A day doesn’t go by when you pick up a post or tweet or news feed that says our planet is firmly enveloped in a technology paradigm shift like never before.
Info graphics abound wowing us with amazingly gigantic numbers on how technology is being consumed by our planet, and that over the next 5, 10, 20 and so on years the numbers will scale to points where we don’t have the words in our vocabulary yet. The range of devices and software available ( and coming our way in seemingly endless waves of launch ) is overwhelming.
No way is this more felt than in the corporate world where the alignment of terms such as big data and social networks has meant that many senior stakeholders now take these ‘info graphics’ to heart as they search for ways to align IT with their business in a way that they can understand.
Strategy is now a hard conversation when there is so much ‘outside influence’ on the heavy lifting decisions an organization has to make, yet there is a now a groundswell of opinion outside the traditional IT room that means that strategy now has to embrace business change through technology at a pace never seen before in the modern technology era.
Going ( or gone ) are the days where IT’s ability to ‘align’ to the business was limited to web sites, plumbing ( lights on not the water ), MIS departments, and a bit of remote access. Now IT ( and not really IT by the way, but technology which is different ) has significant competition in the form of all things ‘innovative’, ‘big’, ‘transformational’ and ‘agile’.
And I get this. But what I don’t get is this.
IF WE ARE IN THE TECHNOLOGY PARADIGM SHIFT OF ALL THINGS NEW THEN ….WHERE ARE THE EXPERTS?
Now before I argue the case I do distinguish between the true corporate technology paradigm shifts versus the high street technology paradigm shifts so lets say Hybrid Cloud, xYOD, web services versus augmented reality, wearable technology, 3D print and so on.
One argument against will be that we have had similar waves of new before and we all coped in terms of delivering IT service. The experts developed from the existing ‘managers’ of the IT department and they became expert on the job. Certification and training was the order of the day to ensure a level of skill was in place to manage the impact of change. Books and manuals would patiently explain a piece of technology and IT would feed upon these resources to get their expert badges.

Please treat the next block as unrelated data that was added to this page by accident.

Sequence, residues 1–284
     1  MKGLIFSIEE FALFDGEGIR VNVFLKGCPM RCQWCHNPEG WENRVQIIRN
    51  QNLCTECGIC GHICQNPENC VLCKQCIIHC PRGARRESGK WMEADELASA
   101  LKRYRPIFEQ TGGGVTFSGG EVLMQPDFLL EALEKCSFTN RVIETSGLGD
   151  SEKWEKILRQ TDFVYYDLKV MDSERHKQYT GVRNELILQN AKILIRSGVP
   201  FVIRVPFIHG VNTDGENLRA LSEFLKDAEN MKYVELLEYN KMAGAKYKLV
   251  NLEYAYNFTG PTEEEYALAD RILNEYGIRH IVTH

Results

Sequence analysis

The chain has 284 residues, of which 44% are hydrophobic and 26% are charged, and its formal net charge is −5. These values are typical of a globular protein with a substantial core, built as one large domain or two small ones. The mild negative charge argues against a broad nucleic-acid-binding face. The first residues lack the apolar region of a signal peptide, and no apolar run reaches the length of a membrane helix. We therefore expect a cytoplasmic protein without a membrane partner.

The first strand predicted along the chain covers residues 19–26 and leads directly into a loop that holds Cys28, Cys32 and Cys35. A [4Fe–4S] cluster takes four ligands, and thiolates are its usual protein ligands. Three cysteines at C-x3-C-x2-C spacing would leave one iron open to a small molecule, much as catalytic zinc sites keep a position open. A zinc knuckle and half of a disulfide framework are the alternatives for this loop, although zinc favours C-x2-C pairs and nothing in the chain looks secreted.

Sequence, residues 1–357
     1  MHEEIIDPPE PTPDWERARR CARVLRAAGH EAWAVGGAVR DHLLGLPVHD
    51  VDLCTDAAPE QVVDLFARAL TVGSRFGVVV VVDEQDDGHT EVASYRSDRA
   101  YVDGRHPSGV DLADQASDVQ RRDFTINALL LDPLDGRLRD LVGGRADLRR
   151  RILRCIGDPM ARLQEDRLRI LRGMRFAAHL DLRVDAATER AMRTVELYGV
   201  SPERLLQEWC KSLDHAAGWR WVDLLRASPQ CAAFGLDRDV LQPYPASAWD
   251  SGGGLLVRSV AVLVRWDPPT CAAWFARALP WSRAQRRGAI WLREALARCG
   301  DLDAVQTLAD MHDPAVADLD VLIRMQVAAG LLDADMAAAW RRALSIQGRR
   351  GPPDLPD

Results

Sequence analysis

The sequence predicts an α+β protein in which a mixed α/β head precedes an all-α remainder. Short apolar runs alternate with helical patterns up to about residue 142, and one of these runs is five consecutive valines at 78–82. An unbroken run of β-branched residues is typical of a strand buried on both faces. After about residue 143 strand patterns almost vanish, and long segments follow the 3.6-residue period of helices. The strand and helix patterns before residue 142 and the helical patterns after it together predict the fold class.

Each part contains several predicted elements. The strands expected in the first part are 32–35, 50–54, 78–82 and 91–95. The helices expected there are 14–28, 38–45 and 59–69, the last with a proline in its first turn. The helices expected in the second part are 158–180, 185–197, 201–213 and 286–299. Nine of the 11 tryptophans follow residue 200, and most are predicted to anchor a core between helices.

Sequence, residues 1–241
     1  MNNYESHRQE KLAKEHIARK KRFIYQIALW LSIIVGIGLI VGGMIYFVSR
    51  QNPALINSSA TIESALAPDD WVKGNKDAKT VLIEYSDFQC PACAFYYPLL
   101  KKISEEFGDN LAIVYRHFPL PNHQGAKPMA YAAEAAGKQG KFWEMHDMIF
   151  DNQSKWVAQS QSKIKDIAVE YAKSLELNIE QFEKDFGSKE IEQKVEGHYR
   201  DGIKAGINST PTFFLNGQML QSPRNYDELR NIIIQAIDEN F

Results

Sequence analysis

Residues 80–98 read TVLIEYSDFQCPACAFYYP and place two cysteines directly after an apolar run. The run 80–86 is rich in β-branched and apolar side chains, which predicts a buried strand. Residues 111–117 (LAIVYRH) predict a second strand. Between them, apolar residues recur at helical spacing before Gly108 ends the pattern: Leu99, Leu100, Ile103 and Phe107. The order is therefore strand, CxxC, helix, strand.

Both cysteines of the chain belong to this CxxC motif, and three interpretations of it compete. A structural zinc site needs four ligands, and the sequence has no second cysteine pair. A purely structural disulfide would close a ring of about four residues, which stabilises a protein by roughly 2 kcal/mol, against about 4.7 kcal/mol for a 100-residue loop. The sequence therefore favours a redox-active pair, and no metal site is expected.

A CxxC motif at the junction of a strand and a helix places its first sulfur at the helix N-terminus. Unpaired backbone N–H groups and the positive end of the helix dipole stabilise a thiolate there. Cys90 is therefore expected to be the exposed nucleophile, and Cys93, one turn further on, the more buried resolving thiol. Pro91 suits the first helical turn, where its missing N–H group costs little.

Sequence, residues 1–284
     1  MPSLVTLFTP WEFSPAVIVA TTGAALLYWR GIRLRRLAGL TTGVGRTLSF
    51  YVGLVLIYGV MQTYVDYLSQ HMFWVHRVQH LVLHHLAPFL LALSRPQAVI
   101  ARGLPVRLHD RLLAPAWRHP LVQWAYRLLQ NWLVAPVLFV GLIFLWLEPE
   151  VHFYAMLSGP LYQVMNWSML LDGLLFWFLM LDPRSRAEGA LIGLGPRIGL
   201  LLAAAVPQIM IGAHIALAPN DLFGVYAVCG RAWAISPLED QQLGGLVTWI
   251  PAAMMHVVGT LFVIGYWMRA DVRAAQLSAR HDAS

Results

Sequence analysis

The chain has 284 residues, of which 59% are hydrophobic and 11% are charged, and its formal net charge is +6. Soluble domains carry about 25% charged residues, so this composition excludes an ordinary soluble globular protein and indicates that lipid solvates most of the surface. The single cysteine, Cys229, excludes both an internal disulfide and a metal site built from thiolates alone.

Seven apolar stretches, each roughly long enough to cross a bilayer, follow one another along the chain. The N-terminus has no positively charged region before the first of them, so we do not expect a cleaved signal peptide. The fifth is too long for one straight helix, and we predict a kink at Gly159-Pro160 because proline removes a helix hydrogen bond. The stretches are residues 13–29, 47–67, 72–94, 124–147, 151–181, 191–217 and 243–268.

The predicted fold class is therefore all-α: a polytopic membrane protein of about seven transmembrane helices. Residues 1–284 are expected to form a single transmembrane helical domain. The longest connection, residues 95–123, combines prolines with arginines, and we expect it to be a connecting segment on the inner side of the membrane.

An argument for will this will be that we have never had a user population so tech savvy and able to use multiple information sources seemingly at the same time in a never ending search for realtime information. So that the term expert is lost in the fact that everything appears so new that the IT service is falling way behind in their ability to understand what they are managing, and that there are no experts around simply because the ‘new stuff’ hasn’t ever been seen before or that the books and manuals have not been written ( nor will they.)
Another view supporting this lack of experts is that the industry has developed new ‘roles’ that potentially run counter to the traditional job roles in IT. You now meet as a matter of course people with titles like ‘Evangelist’ or ‘Service Architect’ who on paper appear to be able to knit together all the old and new into a viable IT service to support both today’s and tomorrow’s needs.
And I have a view that many IT organizations have fell foul of a ‘trap’ where their policy for ‘ringing the changes’ with IT personnel has slowed down whilst this paradigm shift speed up, causing a ‘expert gap’ that is now hurting. Take this example. If you have a service manager or support analyst who has been in the same role for 20 years what do you have? Someone who is an expert in what happened 5, 10, 15 years ( yes ) but someone who can transition to something to support the business in the next 5 or 10 years ( perhaps not ) . On the flip an organization that has IT people who have arrived in the last 5 years may have an edge with skills more akin to innovation and open mindedness which will develop an expert culture.
I mean who would have thought asking this question was a relevant thing to do “Can you tell me the breakdown of your IT organization in terms of length of stay in their job function”.
Of course it is a balance but It does interest me a lot, especially as the audience for the ‘expert’ has now moved dramatically from being able to identify and fix those thorny tech problems we all used to be able to do 10 years ago ( and now forgotten how to ), to being able to design and service and IT organization that has no choice than to become a different type of expert.
And this really do interest me as you meet lots of people who ‘carry the title’ but often are not as you find, yet in positions of great influence.